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Carbon and nanotechnology

Raman spectroscopy is probably the most important analytical tool available for investigating the many different structures produced from carbon.

You can use Raman to identify all the forms, including graphene, carbon nanotubes (CNT), graphite, diamond, and diamond-like carbon (DLC).

The massive range of consumer products that use carbon-based materials—and the promise of carbon materials for future technologies—make this a key application area for Raman spectroscopy.

Analyse all the forms of carbon

Renishaw's Raman systems are being used to research, develop, and control the quality of carbon materials. You can determine:

  • the number of graphene layers, and their defects, doping and strain
  • Diamond Like Carbon (DLC) thickness and hybridised composition (sp2 and sp3)
  • Carbon Nanotube (CNT) diameter and functionalisation
  • diamond stress, purity and origin (synthetic or natural)
  • the properties of C60 and other fullerenes
  • the structural composition of amorphous carbons

Analyse monolayers and thin films

Some of the most interesting forms of carbon consist of single, or just a few, atomic layers. The high sensitivity of Renishaw's Raman systems makes identifying and analysing them quick and easy.


The high spatial resolution of Renishaw's inVia confocal Raman microscope makes it suitable for studying the structure and defects of carbon materials, such as graphene and CNTs.

Renishaw can combine Raman analysis with scanning probe microscopes (such as atomic force microscopes). These systems add chemical analysis capabilities to the high spatial resolution topography and property information acquired by SPMs/AFMs. You can also use tip-enhanced Raman spectroscopy (TERS) to acquire nanometre-scale Raman chemical information.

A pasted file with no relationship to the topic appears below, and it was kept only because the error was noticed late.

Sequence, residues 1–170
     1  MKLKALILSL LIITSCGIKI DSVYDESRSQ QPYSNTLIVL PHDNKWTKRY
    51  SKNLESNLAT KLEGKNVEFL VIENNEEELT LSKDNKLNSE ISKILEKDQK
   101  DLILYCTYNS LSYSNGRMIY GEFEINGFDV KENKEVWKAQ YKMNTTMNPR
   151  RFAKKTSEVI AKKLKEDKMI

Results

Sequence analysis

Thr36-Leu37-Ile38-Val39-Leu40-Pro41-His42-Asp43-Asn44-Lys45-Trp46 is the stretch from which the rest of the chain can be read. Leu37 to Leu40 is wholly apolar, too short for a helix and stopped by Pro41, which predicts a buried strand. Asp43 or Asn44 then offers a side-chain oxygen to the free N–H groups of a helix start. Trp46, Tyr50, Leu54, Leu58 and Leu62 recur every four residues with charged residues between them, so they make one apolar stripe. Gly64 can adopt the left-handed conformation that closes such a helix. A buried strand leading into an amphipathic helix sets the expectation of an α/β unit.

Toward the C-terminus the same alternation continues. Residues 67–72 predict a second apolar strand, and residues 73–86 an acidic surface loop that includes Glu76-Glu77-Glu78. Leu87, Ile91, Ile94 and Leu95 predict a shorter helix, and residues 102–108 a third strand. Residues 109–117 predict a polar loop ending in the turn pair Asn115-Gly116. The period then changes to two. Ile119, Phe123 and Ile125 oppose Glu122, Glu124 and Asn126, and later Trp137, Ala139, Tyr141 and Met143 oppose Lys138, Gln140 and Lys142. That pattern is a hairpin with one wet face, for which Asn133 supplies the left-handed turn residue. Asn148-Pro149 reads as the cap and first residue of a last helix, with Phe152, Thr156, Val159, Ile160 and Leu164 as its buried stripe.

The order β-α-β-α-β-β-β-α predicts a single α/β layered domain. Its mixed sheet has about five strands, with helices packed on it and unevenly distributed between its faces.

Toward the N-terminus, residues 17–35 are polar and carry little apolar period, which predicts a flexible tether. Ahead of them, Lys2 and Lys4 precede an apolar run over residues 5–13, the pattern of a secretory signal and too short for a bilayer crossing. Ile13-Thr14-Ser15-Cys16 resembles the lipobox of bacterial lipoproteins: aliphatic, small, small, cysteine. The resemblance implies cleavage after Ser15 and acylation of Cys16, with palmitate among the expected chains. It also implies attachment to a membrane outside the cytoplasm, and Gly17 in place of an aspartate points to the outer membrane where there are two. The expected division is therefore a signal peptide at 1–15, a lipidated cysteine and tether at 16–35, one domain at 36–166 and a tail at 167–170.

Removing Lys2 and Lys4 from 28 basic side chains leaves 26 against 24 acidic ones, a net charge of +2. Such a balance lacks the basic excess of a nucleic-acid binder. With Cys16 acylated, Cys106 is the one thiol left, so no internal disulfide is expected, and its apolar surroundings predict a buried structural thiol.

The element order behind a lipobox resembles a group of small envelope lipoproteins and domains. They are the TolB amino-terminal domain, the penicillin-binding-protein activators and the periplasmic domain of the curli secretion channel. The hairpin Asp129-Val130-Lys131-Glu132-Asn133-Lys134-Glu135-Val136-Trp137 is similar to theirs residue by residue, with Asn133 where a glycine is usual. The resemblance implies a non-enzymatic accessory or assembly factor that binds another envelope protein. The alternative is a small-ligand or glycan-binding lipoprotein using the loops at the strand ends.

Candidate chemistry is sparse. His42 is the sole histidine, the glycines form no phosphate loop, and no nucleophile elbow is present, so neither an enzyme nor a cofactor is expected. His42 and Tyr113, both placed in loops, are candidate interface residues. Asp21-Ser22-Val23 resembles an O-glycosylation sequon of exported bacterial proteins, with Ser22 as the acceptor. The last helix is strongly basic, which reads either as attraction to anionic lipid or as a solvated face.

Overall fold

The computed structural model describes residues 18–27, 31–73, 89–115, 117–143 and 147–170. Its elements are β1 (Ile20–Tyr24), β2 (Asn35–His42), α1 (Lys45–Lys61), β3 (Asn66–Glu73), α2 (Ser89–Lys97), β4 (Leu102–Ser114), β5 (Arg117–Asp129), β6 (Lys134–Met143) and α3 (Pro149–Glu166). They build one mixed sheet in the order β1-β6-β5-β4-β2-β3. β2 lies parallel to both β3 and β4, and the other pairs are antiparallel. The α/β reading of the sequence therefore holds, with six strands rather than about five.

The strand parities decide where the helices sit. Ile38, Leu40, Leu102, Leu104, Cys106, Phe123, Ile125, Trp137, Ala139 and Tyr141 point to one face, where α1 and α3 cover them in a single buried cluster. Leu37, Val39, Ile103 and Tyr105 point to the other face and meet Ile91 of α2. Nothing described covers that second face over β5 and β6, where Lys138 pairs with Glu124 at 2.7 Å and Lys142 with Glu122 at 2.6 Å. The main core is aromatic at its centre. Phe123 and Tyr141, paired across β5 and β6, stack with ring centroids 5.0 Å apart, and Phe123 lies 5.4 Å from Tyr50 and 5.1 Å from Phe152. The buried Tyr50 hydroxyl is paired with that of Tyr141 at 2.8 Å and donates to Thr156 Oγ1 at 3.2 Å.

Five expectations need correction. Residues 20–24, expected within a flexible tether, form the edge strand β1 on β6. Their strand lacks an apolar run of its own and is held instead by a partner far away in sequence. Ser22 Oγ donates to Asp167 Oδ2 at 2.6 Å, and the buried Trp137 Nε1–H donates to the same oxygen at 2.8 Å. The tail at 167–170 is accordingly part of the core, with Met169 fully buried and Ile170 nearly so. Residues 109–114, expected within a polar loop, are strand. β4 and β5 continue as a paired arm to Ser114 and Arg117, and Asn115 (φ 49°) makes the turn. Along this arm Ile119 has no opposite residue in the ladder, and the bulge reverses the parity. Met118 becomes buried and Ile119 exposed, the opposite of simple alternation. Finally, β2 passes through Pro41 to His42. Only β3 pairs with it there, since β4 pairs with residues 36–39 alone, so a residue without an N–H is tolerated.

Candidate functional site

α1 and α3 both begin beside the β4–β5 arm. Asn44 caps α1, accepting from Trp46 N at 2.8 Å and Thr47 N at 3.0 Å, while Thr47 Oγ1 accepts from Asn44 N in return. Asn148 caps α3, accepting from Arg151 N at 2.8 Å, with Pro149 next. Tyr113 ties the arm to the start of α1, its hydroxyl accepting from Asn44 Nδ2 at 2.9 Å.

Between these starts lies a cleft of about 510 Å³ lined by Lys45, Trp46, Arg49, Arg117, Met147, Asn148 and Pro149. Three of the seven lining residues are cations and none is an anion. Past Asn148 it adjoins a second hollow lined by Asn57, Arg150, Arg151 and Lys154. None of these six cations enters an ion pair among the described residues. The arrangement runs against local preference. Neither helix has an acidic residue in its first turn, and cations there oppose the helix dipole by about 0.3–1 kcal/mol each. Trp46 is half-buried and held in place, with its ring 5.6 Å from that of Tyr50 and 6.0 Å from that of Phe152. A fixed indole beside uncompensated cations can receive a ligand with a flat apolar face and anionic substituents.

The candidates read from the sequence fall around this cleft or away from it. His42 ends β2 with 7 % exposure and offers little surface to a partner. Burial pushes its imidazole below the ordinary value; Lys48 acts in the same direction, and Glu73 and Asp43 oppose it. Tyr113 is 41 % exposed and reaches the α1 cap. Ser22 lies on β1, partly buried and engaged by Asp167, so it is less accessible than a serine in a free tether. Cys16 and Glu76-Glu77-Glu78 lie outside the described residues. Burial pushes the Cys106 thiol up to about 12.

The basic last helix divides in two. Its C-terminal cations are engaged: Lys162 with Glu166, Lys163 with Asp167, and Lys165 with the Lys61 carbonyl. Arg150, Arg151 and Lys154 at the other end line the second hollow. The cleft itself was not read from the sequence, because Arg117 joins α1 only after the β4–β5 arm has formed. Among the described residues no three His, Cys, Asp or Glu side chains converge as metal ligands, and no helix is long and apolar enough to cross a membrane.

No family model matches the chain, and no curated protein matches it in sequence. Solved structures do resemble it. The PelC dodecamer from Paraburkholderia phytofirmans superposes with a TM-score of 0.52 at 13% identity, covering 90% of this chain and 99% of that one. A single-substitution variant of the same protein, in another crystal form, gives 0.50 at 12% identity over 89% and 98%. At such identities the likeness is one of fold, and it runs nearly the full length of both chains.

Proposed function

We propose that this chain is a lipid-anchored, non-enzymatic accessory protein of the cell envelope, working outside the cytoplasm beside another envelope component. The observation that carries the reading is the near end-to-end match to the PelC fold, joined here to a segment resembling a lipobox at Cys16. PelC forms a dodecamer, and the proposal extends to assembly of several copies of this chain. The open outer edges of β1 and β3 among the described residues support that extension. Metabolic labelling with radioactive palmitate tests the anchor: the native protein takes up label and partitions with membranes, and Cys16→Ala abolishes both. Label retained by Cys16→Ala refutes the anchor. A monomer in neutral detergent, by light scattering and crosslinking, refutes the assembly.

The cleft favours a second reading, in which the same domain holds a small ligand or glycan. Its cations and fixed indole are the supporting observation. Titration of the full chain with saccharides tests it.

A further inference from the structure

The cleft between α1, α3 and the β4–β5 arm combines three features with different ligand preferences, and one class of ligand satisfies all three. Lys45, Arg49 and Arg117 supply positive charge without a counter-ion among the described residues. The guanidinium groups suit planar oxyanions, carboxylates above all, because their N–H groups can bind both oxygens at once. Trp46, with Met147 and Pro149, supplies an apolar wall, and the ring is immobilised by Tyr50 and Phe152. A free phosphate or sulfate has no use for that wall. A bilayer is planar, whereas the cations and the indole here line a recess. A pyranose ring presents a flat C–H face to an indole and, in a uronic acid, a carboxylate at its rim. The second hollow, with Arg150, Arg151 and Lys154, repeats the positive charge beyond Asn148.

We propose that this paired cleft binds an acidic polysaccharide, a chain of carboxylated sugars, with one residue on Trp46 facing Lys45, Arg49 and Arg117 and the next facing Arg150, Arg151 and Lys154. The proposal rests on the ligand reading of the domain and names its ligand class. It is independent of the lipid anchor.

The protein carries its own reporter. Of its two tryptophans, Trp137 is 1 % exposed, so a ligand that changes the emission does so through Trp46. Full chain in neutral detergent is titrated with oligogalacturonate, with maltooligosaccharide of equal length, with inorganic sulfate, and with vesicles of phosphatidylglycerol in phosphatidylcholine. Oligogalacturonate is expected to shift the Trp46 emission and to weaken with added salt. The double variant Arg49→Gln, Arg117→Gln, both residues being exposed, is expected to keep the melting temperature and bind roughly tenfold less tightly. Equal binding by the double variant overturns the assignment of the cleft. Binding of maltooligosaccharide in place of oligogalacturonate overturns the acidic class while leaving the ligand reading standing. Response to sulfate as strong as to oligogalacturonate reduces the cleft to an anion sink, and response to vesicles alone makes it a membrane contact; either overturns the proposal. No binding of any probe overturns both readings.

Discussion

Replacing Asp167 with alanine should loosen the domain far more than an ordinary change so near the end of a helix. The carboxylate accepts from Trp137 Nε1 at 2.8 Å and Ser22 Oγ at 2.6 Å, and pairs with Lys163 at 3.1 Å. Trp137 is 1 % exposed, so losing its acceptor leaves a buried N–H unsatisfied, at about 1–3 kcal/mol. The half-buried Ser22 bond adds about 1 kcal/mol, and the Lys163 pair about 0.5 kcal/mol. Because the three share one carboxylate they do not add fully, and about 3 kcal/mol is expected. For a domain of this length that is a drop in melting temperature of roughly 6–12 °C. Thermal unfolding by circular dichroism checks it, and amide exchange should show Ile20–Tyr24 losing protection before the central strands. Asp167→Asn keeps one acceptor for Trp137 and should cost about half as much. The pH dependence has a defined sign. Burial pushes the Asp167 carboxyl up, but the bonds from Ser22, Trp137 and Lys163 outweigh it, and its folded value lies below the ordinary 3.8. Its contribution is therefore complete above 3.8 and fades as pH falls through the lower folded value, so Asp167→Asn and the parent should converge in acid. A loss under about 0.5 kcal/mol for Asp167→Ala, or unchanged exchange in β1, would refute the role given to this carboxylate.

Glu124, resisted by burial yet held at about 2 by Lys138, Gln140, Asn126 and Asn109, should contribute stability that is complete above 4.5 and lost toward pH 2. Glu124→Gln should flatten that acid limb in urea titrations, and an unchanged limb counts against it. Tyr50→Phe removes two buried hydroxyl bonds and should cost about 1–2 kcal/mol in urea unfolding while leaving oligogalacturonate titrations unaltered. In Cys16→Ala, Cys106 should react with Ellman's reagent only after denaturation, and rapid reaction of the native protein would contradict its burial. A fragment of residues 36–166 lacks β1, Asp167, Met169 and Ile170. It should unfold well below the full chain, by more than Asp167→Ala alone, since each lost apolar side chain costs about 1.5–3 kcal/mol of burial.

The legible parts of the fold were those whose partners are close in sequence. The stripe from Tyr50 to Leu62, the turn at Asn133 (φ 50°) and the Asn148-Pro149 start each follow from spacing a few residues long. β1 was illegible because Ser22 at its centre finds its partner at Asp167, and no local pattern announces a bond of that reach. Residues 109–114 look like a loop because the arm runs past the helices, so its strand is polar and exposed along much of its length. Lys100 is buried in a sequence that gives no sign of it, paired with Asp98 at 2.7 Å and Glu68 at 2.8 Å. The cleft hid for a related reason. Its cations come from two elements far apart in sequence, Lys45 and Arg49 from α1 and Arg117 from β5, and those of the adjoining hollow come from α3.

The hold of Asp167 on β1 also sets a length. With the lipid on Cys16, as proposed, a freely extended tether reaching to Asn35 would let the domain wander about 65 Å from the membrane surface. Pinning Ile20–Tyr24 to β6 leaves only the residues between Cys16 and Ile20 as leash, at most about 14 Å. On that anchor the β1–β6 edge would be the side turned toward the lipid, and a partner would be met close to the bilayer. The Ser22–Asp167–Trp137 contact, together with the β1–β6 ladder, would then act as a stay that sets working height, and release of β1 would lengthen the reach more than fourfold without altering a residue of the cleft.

All encompassing spectra

Renishaw's SynchroScan produces high-resolution wide-range spectra. Collecting data covering the entire Raman and photoluminescence range is simple and fast. For example, you can:

  • see carbon nanotube radial-breathing modes (RBMs), with the G and 2D bands, together
  • study photoluminescence features associated with defects in diamond, as well as its Raman spectrum

More signal, no damage

Some thin carbon films, such as DLC, can be damaged by high laser power densities. With Renishaw's line-focus laser illumination technology, power densities are reduced, but total laser power is retained. You can collect high quality data rapidly, without damaging your samples.

Quality assurance

Renishaw has over 20 years experience providing systems to verify the quality of carbon materials. Its systems are used worldwide to quickly and accurately check the quality of materials. 

Download an application note

Watch a movie

  • StreamLineHR Rapide - graphene

    Using a Renishaw inVia confocal Raman microscope and WiRE™ software to image graphene. The image build up is shown at true data collection speed using StreamLineHR Rapide. The analysis clearly shows monolayer and multilayer graphene. A second image shows defects in the graphene.

Image gallery

  • StreamLineHR™ Rapide image of graphene
  • AFM image of a graphene flake with Raman spectra from far-field and TERS measurements.
  • White light and Raman images of graphene
  • White light and Raman images of diamond film
  • Raman and photoluminescence images of diamond film
  • Raman image of a carbon nanotube

Find out more

We're here when you need us

To find out more about this application area, or an application that isn't covered here, contact our applications team.